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Andrea Tan & Patricia Kuo
Chartered Semiconductor Manufacturing Ltd., a unit of Singapore sovereign fund Temasek Holdings Pte, had its debt rating cut to junk at Fitch Ratings on concern it’s not generating enough cash.
Chartered’s senior unsecured debt and long-term foreign currency issuer default ratings were cut to BB+, one level below investment grade, from BBB-, Fitch said in a statement today.
Morgan Stanley, Goldman Sachs Group Inc. and JPMorgan Chase & Co. slashed their share-price estimates on Chartered after the company said last month it will lose money in the third quarter. Chartered derives about two-thirds of its sales from the U.S., where household spending is projected to stall as wages fail to keep up with inflation and property values slump.
“The conditions for the company are still very challenging and it’s going to be difficult to make it profitable,” said William Dong, head of Taiwan research at UBS AG, who has a “neutral” rating on the stock with a price target of 65 Singapore cents.
Chartered shares have slumped 44 percent this year, underperforming the 19 percent decline in Singapore’s benchmark Straits Times Index. The stock was unchanged at 54.5 cents today, the lowest since the company sold shares to the public in 1999.
Lim Li Chuen, Chartered’s head of investor relations, declined to comment on Fitch’s decision to cut the company’s debt rating. Junk bonds, classified as high-yield and high-risk debt, can raise a company’s borrowing costs as a lower debt rating increases the perceived risk of a company’s inability to pay debt.
Cash flow concern
Chartered, which makes chips that power the Xbox 360 game console, had $516.6 million of cash, $1.16 billion of unused bank loans and $1.63 billion of long-term debt as of the end of June, according to its earnings report.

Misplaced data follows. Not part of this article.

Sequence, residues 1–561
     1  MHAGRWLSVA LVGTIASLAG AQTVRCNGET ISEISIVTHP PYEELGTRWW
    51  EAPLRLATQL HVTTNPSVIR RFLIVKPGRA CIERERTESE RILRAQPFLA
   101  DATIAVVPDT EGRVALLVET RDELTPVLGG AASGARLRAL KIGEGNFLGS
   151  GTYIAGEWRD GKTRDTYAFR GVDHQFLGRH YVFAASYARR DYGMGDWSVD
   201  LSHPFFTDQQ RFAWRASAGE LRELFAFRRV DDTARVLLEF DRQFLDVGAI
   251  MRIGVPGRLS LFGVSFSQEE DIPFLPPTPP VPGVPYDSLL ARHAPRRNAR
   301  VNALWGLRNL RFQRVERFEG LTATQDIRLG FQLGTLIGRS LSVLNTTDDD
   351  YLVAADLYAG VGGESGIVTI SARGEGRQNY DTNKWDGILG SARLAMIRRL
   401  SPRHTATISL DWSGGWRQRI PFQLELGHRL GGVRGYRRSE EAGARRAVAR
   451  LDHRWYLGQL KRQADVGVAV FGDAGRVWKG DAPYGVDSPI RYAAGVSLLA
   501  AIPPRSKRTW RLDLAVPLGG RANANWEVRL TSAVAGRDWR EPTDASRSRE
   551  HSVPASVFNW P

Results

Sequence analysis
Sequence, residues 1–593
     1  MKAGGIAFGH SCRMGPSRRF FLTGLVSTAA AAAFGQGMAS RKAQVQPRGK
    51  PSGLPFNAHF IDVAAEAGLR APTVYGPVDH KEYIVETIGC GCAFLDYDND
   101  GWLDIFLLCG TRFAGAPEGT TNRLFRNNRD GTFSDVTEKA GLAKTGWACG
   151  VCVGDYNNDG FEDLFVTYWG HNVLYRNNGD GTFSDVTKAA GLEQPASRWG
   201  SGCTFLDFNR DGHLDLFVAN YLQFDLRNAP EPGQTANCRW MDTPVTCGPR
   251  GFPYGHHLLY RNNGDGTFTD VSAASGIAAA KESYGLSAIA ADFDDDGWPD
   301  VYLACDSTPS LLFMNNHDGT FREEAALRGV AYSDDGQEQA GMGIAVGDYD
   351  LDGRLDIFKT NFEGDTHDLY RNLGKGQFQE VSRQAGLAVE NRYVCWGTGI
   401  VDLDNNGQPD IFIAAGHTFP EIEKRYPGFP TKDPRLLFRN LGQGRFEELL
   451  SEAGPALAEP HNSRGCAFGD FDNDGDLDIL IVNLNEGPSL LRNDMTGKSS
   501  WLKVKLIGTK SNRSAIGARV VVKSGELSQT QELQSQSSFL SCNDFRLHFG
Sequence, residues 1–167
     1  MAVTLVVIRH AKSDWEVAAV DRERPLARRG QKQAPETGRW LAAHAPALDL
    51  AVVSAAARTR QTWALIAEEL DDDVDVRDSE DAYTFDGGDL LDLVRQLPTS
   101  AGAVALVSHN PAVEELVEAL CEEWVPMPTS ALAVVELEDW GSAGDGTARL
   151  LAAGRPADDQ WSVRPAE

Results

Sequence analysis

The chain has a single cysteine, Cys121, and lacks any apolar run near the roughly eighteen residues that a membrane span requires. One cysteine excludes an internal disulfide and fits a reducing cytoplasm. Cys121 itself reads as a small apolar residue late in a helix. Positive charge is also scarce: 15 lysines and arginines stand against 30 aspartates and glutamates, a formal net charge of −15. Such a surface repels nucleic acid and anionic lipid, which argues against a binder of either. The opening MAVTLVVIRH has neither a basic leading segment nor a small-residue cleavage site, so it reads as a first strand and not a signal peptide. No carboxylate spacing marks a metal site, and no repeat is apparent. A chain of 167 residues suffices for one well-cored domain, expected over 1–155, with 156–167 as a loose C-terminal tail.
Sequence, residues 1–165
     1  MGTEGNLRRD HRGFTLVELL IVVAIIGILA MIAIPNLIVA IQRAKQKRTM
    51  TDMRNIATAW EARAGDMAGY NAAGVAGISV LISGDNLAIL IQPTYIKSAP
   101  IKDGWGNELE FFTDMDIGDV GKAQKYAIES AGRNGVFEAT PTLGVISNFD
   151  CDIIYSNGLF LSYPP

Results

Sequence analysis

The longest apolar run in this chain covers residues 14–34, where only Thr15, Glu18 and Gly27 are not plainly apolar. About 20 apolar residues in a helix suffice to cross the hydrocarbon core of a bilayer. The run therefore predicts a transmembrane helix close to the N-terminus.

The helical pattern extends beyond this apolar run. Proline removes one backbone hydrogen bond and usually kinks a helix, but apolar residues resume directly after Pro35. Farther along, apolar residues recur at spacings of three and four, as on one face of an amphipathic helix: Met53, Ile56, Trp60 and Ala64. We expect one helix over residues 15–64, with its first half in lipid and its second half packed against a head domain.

“The company’s operating and financial performance has been lackluster,” Fitch said. Negative free cash flow — or the cash flow from operating activities minus capital expenditures — was “substantial” at 20 percent of 2007 revenue, according to Fitch.
Chartered’s free cash flow has been negative in 31 of the 34 quarters since the company sold shares in 1999, according to data compiled by Bloomberg.
The company’s debt is ranked the lowest investment grade by Standard & Poor’s and Moody’s Investors Service. Fitch has a “stable” outlook on its BB+ rating.
“We don’t have any plans to cut their rating at the moment,” Wonnie Chu, a Hong Kong-based analyst at Moody’s, said today by phone. “We’re closely monitoring the situation but it’s unlikely to be cut as our rating has factored in the cyclicality of the industry.”
Moody’s rates Chartered’s debt Baa3, the lowest investment grade, with a “stable” outlook.
Default risk rises
S&P said in June that Chartered may be “vulnerable” to a rating downgrade as demand slows in the U.S. S&P analyst Wee Lee Cheng didn’t immediately respond to voicemail and e-mail messages today. Chartered’s debt is rated BBB- at S&P.
Credit-default swaps on Chartered jumped 12.5 basis points from before the downgrade to 247.5 basis points, according to Barclays Capital’s prices. That means it costs $12,500 more a year to protect $10 million of the company’s debt from default for five years. A basis point is 0.01 percentage point.
The downgrade also pushed up the extra yield investors demand above U.S. Treasuries to buy Chartered Semiconductor’s $300 million 6.25 percent bonds maturing in 2013. The spread widened 4 basis points to 418 basis points, BNP Paribas SA’s prices show.
Ten analysts tracked by Bloomberg recommend investors sell Chartered shares. Seven suggest holding them, while three say investors should buy the stock.
Support from Temasek?
Fitch said the rating already takes into account the fact that the Singapore government has a majority stake in the company through Singapore Technologies Semiconductors Pte, which is owned by Temasek. Both Temasek and Singapore are rated Aaa by Moody’s and S&P.
“The agency’s support argument is based on the company’s strategic importance within Singapore’s electronics and technology sector, and prior track record of financial support from controlling shareholder, Temasek,” Fitch said. The stable outlook on Chartered is “based on the view that some form of financial support would be available from Temasek should it be required.”
Temasek owns about 60 percent of Chartered, it said in an e- mailed statement today.
“Rating agencies form a view on the creditworthiness of companies they assess and they may make certain assumptions on what Temasek might or might not do with regard to our portfolio companies,” Temasek said. “It is not our practice to comment on such assumptions made.”